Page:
Google Has 5 Secret Hiring Principles. What Are Yours?
Hiring is very serious business at Google.
For a long time, the search giant was known for lobbing complicated brainteasers at applicants--puzzles such as how many golf balls fit into a school bus?--in the name of hiring the smartest people around. But last year, VP of people operations Laszlo Bock told The New York Times that Google had discovered those brainteasers "are a complete waste of time." So the company instead began conducting "structured behavioral interviews" to learn more about candidates' real-world experience.
More recently, Bock revealed another facet of Google's meticulous hiring processes to Times columnist Thomas Friedman. Friedman wanted to know some interviewing advice to pass on to young people. The most important point Bock made was that Google has a set of five traits it looks for in hiring throughout the company:
- The ability to learn and pull together disparate pieces of information on the fly
- Emergent leadership skills, in which employees take leadership roles in a team when appropriate and then step back and let someone else lead
- Ownership of work and projects
- The humility to accept the better ideas of others and to take a strong position but then change in the face of new facts
- Last, and least, is expertise, because the answers may be obvious to an intelligent person and habitual practice might skip useful new answers
The head-slapping why didn't I think of this moment an entrepreneur might have at this point shouldn't result in simply copying Google's list. That's nothing more than slavish imitation. The thing to learn is that any company will likely have a set of particular characteristics that help employees succeed, given the industry and its maturation, business model, strategic imperatives, and other characteristics.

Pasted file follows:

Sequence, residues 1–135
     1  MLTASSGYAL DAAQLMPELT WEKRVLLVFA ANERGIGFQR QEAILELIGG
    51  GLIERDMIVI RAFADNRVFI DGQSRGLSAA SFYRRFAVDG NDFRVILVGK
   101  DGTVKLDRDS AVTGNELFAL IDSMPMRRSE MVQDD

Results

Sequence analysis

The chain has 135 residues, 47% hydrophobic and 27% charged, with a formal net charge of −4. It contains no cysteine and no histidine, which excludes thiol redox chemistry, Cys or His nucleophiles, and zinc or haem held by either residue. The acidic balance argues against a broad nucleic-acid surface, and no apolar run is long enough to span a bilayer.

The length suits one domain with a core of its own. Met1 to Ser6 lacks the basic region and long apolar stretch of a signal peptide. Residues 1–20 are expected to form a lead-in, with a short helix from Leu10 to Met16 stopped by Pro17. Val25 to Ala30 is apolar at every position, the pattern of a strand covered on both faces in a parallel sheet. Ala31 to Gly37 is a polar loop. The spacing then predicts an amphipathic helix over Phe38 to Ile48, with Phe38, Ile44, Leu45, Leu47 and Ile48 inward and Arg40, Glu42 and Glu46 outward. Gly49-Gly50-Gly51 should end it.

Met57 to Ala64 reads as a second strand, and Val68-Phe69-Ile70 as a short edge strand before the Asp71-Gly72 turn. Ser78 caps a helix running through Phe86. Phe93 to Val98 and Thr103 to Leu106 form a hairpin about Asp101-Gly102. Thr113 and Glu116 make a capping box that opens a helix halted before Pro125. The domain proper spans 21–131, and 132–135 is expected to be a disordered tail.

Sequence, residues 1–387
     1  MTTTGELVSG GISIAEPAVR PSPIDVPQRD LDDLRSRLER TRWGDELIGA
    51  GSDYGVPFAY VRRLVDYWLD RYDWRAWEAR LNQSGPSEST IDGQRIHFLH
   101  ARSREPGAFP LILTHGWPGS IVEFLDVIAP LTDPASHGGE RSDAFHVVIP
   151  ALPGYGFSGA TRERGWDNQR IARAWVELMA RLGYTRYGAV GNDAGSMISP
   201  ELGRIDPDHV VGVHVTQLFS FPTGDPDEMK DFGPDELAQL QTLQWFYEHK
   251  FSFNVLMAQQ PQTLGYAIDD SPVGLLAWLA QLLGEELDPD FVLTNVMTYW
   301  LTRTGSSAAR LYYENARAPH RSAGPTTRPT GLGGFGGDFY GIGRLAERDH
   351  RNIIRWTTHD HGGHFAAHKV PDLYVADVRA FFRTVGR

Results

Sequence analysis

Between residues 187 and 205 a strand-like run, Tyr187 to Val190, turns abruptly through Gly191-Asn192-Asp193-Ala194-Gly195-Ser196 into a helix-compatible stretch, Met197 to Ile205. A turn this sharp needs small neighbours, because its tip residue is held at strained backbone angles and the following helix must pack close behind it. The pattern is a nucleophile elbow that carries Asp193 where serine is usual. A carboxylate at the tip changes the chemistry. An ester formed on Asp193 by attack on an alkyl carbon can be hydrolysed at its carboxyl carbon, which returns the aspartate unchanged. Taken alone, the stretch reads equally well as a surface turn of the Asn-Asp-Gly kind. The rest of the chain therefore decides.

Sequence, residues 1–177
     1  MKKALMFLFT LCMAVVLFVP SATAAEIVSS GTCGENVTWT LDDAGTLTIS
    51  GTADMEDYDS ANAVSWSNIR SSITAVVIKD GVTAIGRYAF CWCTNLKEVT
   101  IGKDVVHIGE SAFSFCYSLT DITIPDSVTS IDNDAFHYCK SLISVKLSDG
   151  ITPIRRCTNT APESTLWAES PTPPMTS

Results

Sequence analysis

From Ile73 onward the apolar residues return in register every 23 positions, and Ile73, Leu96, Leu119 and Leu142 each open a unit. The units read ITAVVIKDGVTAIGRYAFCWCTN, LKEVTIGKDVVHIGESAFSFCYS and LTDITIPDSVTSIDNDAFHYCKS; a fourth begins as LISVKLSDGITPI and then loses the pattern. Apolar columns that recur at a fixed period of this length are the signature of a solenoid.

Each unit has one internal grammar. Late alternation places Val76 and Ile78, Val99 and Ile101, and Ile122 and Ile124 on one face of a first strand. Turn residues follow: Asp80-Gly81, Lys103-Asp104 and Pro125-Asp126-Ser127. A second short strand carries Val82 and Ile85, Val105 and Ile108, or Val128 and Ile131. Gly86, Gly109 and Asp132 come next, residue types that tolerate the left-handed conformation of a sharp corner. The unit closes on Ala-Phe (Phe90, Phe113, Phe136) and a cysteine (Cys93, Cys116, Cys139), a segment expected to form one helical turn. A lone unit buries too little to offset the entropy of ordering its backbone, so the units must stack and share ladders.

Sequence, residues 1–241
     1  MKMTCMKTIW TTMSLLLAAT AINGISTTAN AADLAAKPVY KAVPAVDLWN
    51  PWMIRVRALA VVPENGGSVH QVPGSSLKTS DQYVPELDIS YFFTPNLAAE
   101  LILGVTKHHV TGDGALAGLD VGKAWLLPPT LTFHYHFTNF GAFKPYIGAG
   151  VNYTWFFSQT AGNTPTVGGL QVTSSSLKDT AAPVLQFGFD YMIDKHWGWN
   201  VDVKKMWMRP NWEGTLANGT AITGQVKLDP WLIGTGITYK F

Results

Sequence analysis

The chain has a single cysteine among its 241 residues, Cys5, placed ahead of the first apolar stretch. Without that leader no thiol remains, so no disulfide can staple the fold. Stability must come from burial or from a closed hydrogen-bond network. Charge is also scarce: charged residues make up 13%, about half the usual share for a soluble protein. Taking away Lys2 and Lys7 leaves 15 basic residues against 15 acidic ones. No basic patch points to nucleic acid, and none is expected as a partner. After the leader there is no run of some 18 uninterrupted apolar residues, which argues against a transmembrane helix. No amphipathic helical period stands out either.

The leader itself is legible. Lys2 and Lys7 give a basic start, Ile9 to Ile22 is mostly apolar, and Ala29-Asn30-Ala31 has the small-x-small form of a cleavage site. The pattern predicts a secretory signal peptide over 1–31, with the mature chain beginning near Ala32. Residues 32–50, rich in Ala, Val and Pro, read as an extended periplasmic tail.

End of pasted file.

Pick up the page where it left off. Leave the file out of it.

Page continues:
Maybe yours is a professional-services organization and demonstrating expertise is key to gaining the trust of clients so they'll hire you in the first place. Maybe you specialize in the innovation of incremental improvements--learning to do something far better than competitors--and not in devising breakthroughs. Perhaps tenacity is top of your list, because you run a sales-oriented business where you must keep going despite one rejection after another.
Whatever the particular mix is for your company, it already exists. You'll see it in the successful employees, if you can step back and see what they might have in common. You can consider the employees who didn't make the grade, review their interview reports, and remember what it was that you found compelling when hiring them.
With steps like these, you can begin to build a model of what works for your company (and keep an eye as to what might change over time). Know what you really need to look for in hiring, and chances are you'll be far more successful in the process.
ERIK SHERMAN | Columnist
Erik Sherman's work has appeared in such publications as The Wall Street Journal, The New York Times Magazine, and Fortune. He also blogs for CBS MoneyWatch.